Begin to Welcome Back All You Sent Away

I’m sitting at a side table avoiding eye contact and trying to appear deep in thought. I used the last of the coffee beans two days ago, so I immediately rolled out of bed this morning and came to Irving Farm. I made it just before the Saturday morning rush of Upper West Side moms and strollers and Jewish families begin to crowd the entrance. Now, there’s the pleasant hum of coffee grinding, kids playing, parents chatting, and the lazy trumpet of Louis Armstrong playing in the background. Someone has slightly over-toasted a bagel and I marvel at how comforting the smell is. I love that this is a fall Saturday morning.  

People don’t come to New York in the fall to watch the leaves change. They come for the back-to-school energy, the bouquets of sharpened pencils, and apple-fresh crispness of morning. Fall turns me into a magical creature and I love it with all of my heart. 

One year ago, I spent the fall in England. I slept in a tiny, wood-paneled room in Exeter College, my toes freezing between a thin blanket and a springy cot. I ordered dry toast and soft boiled eggs from Turl Street Kitchen and went to lectures with my fellow Columbia students. I wandered through cobblestone streets and read books by the Thames. I went to church at St. Aldates, Evensong at Christ Church, and morning prayer at University Church. I was alone with God. I questioned God. And I came to learn that He never leaves me. Last fall was the start of a pilgrimage—a journey of true and lasting growth—the kind of growing up where you begin to welcome your innocence back to you. 

For most of my life, I wanted people to think I was smart. I feared being perceived as naive because, in a way, I believed I was. I was raised in a sheltered household, and knew there were things I didn’t know. I was curious about pop culture and music and movies and how girls got boys to like them. I longed to explore independence, and I was intrigued by fame. I observed people gaining others’ respect and wondered how I could too. I didn’t care about being the best on paper, but I wanted to be the girl who was more than the sum of her parts. I wanted that undefinable spark that people couldn’t help but adore.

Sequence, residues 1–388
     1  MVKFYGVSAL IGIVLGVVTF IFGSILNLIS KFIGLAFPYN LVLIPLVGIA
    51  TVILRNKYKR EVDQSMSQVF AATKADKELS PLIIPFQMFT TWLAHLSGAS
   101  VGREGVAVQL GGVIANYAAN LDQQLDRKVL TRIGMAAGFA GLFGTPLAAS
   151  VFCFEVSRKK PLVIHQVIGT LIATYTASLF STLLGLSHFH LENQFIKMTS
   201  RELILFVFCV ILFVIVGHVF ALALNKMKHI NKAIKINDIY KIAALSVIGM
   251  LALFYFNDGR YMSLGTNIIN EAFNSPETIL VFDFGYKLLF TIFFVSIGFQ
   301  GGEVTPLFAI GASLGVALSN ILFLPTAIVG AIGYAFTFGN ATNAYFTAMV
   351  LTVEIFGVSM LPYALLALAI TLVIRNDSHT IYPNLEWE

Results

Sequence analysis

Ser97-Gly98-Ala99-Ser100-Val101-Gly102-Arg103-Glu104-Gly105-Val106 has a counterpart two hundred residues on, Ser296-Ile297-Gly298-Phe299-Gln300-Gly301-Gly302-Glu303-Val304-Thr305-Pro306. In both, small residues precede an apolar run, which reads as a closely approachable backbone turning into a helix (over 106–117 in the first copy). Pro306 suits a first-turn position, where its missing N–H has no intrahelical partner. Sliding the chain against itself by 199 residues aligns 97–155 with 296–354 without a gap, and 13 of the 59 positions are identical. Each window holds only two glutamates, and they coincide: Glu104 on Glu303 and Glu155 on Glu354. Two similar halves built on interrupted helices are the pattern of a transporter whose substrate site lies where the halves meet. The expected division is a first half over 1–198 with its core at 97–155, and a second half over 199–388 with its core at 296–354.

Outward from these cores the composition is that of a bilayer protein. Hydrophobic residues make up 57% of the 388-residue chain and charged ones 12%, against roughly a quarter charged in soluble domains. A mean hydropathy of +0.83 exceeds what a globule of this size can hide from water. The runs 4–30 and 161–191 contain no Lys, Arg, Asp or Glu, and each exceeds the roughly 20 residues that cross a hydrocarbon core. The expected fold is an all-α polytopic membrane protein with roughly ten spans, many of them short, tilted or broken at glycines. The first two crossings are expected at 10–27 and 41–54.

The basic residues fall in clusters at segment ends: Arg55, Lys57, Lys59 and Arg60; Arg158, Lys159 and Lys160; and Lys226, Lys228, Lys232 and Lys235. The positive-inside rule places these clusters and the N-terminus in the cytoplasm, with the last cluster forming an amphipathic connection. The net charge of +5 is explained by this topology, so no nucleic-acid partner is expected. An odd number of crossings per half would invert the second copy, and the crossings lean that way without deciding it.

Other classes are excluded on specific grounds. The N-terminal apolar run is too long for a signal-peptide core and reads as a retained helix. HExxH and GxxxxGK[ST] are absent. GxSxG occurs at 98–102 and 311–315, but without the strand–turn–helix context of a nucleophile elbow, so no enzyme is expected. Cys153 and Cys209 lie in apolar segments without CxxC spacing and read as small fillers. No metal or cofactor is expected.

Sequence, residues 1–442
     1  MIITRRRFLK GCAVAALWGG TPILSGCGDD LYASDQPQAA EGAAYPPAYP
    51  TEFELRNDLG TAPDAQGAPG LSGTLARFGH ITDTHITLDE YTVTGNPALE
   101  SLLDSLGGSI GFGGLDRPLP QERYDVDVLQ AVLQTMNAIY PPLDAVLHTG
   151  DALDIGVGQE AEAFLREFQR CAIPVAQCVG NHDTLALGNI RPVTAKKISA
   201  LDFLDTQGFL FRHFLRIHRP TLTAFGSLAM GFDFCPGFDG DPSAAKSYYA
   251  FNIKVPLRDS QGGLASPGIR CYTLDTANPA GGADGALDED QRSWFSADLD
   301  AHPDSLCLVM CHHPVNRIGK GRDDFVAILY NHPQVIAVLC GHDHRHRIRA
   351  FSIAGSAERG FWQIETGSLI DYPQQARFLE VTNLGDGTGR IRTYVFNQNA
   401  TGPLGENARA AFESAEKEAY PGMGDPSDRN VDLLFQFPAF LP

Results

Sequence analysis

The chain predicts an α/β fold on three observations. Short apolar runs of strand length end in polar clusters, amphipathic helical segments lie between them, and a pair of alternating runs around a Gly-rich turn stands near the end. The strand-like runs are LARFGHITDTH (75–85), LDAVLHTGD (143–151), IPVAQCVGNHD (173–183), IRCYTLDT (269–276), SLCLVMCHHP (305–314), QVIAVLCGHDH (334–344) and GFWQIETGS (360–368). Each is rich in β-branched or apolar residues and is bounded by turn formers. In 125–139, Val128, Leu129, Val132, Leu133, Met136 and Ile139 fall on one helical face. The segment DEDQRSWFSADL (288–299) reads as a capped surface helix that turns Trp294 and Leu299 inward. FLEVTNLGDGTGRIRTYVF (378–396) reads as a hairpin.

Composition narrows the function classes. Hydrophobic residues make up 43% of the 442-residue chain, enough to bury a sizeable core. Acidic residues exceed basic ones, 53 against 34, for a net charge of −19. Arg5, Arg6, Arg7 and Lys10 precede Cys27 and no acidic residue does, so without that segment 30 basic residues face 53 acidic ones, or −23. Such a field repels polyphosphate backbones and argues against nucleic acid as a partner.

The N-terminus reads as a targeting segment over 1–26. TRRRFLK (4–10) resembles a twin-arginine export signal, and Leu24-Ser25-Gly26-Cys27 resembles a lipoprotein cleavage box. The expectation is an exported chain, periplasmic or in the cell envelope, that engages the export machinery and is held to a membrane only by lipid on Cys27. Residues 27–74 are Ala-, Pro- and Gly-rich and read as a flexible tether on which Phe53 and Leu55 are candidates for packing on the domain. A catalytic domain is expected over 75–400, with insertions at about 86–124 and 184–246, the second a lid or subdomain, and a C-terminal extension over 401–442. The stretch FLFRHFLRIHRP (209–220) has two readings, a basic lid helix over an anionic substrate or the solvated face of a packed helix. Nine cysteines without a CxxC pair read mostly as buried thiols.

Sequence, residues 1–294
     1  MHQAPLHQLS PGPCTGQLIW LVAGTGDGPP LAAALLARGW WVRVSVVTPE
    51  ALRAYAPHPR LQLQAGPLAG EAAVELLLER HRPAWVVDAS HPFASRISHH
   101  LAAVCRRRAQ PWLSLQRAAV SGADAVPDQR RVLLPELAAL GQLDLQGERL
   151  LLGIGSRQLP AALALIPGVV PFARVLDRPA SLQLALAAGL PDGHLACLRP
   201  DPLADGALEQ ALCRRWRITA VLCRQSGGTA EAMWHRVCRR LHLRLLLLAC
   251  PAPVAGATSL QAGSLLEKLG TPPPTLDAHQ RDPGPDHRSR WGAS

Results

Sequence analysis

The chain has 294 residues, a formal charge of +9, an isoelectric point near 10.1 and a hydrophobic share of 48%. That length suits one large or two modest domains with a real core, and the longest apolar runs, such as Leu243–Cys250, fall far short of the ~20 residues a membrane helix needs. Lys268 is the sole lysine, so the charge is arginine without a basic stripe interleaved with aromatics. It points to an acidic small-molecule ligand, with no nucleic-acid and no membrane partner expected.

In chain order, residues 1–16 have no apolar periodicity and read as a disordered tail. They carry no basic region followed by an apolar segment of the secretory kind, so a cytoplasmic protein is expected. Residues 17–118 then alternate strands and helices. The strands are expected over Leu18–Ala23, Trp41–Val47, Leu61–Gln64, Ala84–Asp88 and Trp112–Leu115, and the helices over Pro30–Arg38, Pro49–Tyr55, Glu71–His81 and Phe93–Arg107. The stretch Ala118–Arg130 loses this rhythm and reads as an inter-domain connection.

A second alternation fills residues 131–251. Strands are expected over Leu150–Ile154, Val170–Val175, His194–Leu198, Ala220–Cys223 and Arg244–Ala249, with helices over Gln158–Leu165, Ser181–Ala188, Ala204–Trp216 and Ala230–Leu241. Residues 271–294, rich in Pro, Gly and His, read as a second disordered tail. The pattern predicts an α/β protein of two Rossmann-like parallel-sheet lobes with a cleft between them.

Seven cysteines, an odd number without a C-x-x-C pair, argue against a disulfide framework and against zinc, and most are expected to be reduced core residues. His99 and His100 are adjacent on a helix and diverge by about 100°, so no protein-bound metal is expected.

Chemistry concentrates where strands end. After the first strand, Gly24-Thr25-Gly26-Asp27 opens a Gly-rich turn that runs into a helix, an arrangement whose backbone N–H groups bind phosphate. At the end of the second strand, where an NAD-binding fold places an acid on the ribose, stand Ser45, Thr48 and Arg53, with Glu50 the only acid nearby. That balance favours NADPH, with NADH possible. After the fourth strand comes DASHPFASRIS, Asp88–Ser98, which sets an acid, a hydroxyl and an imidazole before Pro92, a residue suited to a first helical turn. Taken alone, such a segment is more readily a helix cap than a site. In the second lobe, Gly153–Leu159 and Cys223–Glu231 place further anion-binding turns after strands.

And for some reason, I felt threatened by my innocence. I thought my sheltered upbringing would hinder my ability to understand the world. So, one by one, I sent pieces of my innocence away. I sent away Halloween candy and my parents tucking me into bed at night. I sent away poetry and fuzzy journals and gel pens. I sent away fireflies and bare feet and nail-painting with my mom. I sent away velvet dresses and flower crowns. I sent away Junie B. Jones and American Girls dolls and coloring outside the lines. I sent away childhood and the simplicity of being because didn't know what it meant. 

I sent away adolescence, too, because I thought mine was too simple, and I wanted complexity. I sent away trust. I sent away self-esteem. I sent away waiting for my mom to pick me up. I sent away writing songs on my guitar. I sent away the belief that I was valuable just because. I purged myself of naivety and childishness and made room for growing up. 

But I think something happens after years of digging our tunnels to adulthood. We start to miss childhood. We don’t miss being childish, but we miss being childlike. We stumble upon old journals and our hearts break with grief for the person we used to be. We’re disillusioned by all that maturity once had to offer and start calling out for our innocence once again.

One day, I’ll write more about this than these 800 words can express, but this year’s pilgrimage from one fall season to another has led me back to innocence. Not to my childish self, but my childlike self. As one of my new favorite poets, David Whyte, writes, “Begin to welcome back all you sent away.” 

So, I’m welcoming back singing, and I’m welcoming back needing my mom. I’m welcoming back the piano and I’m welcoming back wrought-iron friendship. I’m welcoming back my ability to be embarrassed and I’m welcoming back the vulnerability to takes to be curious. I’m welcoming back pouring out my heart into a journal and talking to God like He’s right next to me. I’m welcoming back giggling with joy and counting down the days until Christmas. 

I’m welcoming back the delight that comes from self-forgetfulness.

I’m welcoming back all I sent away.

Elizabeth Moore